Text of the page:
Come From Away is a show that is greater than the sum of its parts. The script is iffy. The music is not exceptional. The sound is so loud that the lyrics are often unintelligible. The talent, it should be noted is not iffy one little bit. Not only are they skilled actors with voices that rock, THEY LOOK LIKE US. These are not stereotypes. There is not a beauty queen, swarthy leading man, or crotchety elder among them. Perhaps that is because this is a true story – or perhaps it is because somebody cared. This is, after all, the story of what happened to us all on 9/11. No one who sees this show was untouched by that day. And no one will leave untouched by this show. The spirit that is on that stage sweeps past the footlights and scoops everyone in the audience up into its arms.
The story of 9/11 and Canada’s hospitality is now legend. Over 33,000 people were diverted to 17 airports in Canada. Hour an hopelessness were tended to by hospitality and hope. The people of the towns of Gander, Lewisport and Gambo on the island of Newfoundland found themselves welcoming 38 planes and a total of 7,000 people along with several dogs, cats and monkeys. Their population doubled. Picture New York City with 4 million more people. The stranded passengers and their hosts were thrown together, both parties in severe shock. It was the Canadians who took the lead.
As the story begins we hear Welcome to the Rock – a sort of anthem that lets you know these are hearty people living on their terms in the middle of – well – nowhere. Gander (the featured town here) has an airport that used to be very busy, a two-person police force, one SPCA, one school and one hockey rink. They are not prepared for the 38 planes one tiny bit. Except for the fact that they are Newfoundlanders, and these people are known for being generous and welcoming.
The town shifts into major action mode. Some passengers spend over a day on their planes. Others are offloaded and taken to makeshift shelters. And there are the animals that are kicking up a storm. The Canadians will not take no for an answer when their kindness is refused. Slowly the shock is replaced by gratitude. Bonds are formed, friendships glimmer, love stories begin. Time passes and the wear and tear shows up as arguments explode, relationships wither, and the hopelessness returns. It is a natural progression like the seven stages of grief. Still, these people weave a cloth that will not tear.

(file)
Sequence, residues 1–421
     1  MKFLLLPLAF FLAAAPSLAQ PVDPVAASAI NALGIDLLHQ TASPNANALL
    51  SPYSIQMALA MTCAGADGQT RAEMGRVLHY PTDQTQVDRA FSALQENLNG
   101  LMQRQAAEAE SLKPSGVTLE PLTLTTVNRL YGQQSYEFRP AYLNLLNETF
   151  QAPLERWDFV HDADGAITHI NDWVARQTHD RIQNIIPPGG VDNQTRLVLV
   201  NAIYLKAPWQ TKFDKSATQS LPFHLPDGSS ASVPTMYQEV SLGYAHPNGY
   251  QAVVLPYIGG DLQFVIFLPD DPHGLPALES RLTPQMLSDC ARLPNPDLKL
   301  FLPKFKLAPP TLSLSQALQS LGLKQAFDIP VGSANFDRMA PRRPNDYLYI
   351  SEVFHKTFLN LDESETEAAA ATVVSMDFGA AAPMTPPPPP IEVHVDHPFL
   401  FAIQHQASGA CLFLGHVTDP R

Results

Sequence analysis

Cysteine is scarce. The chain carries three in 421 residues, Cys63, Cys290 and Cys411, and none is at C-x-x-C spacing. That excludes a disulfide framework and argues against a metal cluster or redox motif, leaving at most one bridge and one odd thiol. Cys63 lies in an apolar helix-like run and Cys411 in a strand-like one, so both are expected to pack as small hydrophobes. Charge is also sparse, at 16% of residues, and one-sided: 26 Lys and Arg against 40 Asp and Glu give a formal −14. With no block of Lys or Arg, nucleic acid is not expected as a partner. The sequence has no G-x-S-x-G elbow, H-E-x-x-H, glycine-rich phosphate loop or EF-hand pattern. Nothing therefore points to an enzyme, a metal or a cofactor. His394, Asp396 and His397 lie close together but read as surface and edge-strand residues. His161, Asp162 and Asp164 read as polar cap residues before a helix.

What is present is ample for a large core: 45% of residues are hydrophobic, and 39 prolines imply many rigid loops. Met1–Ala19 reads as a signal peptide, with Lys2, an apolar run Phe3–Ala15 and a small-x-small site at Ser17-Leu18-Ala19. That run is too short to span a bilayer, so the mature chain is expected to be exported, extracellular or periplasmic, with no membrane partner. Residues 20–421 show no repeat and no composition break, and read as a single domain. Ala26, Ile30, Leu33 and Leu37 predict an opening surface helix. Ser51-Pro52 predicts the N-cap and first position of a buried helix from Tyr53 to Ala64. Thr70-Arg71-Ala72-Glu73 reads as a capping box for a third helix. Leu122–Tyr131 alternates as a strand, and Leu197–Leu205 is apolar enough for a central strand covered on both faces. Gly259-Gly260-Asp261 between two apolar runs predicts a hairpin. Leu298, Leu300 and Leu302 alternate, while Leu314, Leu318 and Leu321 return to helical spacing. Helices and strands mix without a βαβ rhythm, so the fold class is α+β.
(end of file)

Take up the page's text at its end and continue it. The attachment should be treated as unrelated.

The cast is beautifully directed and choreographed. Each actor plays more than one part, and their characterizations are so defined that we never, not for an instant, are lost in the transitions. This is an ensemble that is a living breathing solar system that breaks up into planets with their own moons, then swoops back together in an evolving configuration. They are a marvel to watch.
Come From Away is the backstory to the collective tragedy of 9/11. The story takes place over 5 days beginning with 9/11. We the audience have the advantage of knowing what has happened, and we watch the events unfold with that knowledge tucked into our saddlebags. We are a sort of honor guard, wanting to tell them that it will be okay because over a decade later we are still here. Not only are we here but many of the audience have brought children who were not born when 9/11 happened. They have brought them to this show because it is the closest they can get to that day. Video will only report what happened. Live actors can make you feel what happened.
(Photo by Matthew Murphy)
"Try, if you must, to resist the gale of good will that blows out of 'Come From Away,' the big bearhug of a musical that opened on Sunday night at the Gerald Schoenfeld Theater. But even the most stalwart cynics may have trouble staying dry-eyed during this portrait of heroic hospitality under extraordinary pressure."
Ben Brantley for New York Times
"A big-hearted and crowd-pleasing musical about compassion and community in the wake of 9/11."
Joe Dziemianowicz for New York Daily News
"Despite minor stumbles of craft, Come from Away makes a persuasive case for the value of good intentions. For this kind of uplift you don’t need planes."
Adam Feldman for Time Out New York
"A deeply moving musical that should prove a tonic in troubled times."
Frank Scheck for Hollywood Reporter
"Here’s that feel-good show that audiences constantly pine for. “Come from Away” is a modest, earnest, life-affirming musical by Irene Sankoff and David Hein that makes people think the human race might not be doomed, after all."
Marilyn Stasio for Variety
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